[FESTIVAL REVIEW] Pitchfork Music Festival ’11

The Pitchfork Music Festival is sold on Pitchfork’s reputation almost as much as it is on the lineup. Each year, the top six acts tend to be decent draws, but the rest of the lineup is filled out with bands that are still touring the small to mid-size rock clubs. Some of the bands at this year’s festival would be lucky to draw more than 50 people outside of New York and L.A. That makes for a strange festival crowd, mostly made up of people who don’t look like they make it to a lot of other music festivals. This year was a weird mix of pot-smoking teens (Odd Future fans), graduate students (Destroyer fans), tattooed parents (Superchunk fans), and overdressed hipsters there just because it’s Pitchfork (dubstep fans, but that will change by the time I hit “publish”).

That group of people gathered together for a good (not quite great) weekend of music. All that was missing were a few more exciting acts near the top. Few of the top billed performers were able to match the energy of Big Boi, Major Lazer, Wolf Parade, and LCD Soundsystem last year, and I think it had a noticeable effect on the festival’s overall energy. Hopefully Pitchfork noticed, too. I like this festival and would love to make my third trip next year, but it’s going to depend on the lineup.

Check out pictures and a long-winded account of every band I saw after the jump.

Friday

EMA

EMA is Erika M. Anderson, a South Dakota native who was formerly one half of noise-folk duo Gowns. Anderson is responsible for one of my favorite albums of 2011, and Gowns put out one of my favorites of the past decade, so I will admit to having high hopes for EMA’s festival-opening performance. I wasn’t completely disappointed, but I do feel like Anderson and company have yet to hit their stride as a live band. The songs from Past Life Martyred Saints as performed live are not nearly as intense as the claustrophobic album versions. The weirdness of that album’s production was muted in favor of a more straightforward indie rock sound. That’s a good thing for rockers like “Red Star,” but it drains some of the power from songs like “Marked.” It was a good performance on its own terms, but I was hoping it would draw blood. Maybe it would have been better in a club.

Battles

Battles, on the other hand, had no problems meeting my unfairly high expectations on the Green Stage. I’m incredibly happy that they stuck together after Tyondai Braxton’s departure, because the remaining three members still share a special kind of chemistry you find in few other bands. They were the first main stage band of the weekend, and the first to draw a huge crowd. It was a receptive crowd, too – you can almost dance to many of their songs, and much of the crowd was almost dancing. Or at least head-bobbing.

The biggest change between this configuration and the previous one is how little Ian Williams actually plays guitar. I didn’t use a stopwatch or anything, but it seemed to me he spent more time playing the two keyboards angled at his sides than he did playing the instrument that earned him his reputation. Also, he did lots of goofy kicks. The other major difference is that the vocals are pre-recorded now, with video projections of the Gloss Drop singers accompanying the relevant songs. Other than that, it’s business as usual – Dave Konopka still patiently cranks out guitar and bass loops, and John Stanier still sweats profusely and lunges for that six foot high crash cymbal. They even played “Atlas,” which was a surprise as I was under the impression they had permanently retired all Braxton-era material.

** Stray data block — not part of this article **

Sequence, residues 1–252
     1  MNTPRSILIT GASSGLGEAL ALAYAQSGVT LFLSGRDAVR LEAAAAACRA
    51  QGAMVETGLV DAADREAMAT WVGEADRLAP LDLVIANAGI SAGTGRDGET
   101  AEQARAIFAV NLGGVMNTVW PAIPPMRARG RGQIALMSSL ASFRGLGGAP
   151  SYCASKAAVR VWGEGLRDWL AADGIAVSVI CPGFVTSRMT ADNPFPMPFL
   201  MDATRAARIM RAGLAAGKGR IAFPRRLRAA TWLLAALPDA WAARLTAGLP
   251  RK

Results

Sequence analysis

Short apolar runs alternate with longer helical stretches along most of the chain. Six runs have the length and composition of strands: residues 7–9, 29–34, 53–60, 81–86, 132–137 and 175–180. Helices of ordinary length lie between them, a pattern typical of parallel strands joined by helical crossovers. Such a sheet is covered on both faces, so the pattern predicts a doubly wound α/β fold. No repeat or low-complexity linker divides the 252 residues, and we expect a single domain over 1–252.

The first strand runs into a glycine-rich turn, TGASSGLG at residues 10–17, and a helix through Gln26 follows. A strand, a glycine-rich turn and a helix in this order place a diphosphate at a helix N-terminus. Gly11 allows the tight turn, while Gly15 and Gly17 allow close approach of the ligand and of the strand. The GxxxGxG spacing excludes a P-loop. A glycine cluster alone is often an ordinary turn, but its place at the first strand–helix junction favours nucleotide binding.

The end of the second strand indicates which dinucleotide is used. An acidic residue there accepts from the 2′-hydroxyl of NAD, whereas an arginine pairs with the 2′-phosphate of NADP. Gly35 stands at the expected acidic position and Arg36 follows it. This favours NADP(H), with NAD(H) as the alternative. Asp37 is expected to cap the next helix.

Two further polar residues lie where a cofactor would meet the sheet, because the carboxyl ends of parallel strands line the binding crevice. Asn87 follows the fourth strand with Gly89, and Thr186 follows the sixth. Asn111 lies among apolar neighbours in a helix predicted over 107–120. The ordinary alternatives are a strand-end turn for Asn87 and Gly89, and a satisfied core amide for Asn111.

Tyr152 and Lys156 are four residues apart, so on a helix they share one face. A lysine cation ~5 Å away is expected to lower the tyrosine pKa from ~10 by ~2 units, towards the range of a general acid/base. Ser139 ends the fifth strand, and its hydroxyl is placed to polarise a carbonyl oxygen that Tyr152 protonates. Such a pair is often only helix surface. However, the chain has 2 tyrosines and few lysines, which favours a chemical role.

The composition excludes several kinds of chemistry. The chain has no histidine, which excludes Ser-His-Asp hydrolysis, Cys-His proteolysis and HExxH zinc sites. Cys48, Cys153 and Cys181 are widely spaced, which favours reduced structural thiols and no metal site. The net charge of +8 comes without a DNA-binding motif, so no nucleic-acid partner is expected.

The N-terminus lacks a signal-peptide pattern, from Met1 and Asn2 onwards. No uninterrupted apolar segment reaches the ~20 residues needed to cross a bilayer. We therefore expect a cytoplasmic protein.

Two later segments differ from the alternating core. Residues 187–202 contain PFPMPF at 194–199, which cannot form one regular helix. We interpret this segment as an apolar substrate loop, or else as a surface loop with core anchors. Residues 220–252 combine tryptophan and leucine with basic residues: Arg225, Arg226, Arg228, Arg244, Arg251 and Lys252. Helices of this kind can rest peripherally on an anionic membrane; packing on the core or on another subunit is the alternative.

On the Red Stage, Thurston Moore stuck almost entirely to songs from the recently released Demolished Thoughts, backed by a band that included a harpist, violinist, drummer, and second acoustic guitarist. The set was possibly the quietest one of the weekend, which is funny considering Moore’s day job. It was a mellow way to spend nearly an hour in the sunny but pleasant afternoon weather. Not the most captivating set of the festival, but a nice breather.

Neko Case

I mostly wandered around during Das Racist and Guided By Voices, so the next full set I caught was Neko Case on the Red Stage. This was the second time I’ve seen her live, and the second time I’ve been dumbstruck by how amazing she sounds in person. Next time maybe I’ll be prepared. Her voice just sounds bigger and more nuanced than it does on her already impressive recordings, and she has surrounded herself with a band that nails down her country-noir sound perfectly. “Fox Confessor Brings the Flood” was epic and just the right amount of creepy, and “That Teenage Feeling” put that mildly discomforting guitar line right out in front of the mix. It was the perfect accompaniment for Case’s powerful vocals. Plus, I’m not sure anyone’s better at stage banter.

We stuck around for maybe 45 minutes of Animal Collective, who did nothing for me. Even the Animal Collective fans in my group wanted to leave early. Oh well, at least I successfully avoided James Blake.

Saturday

Woods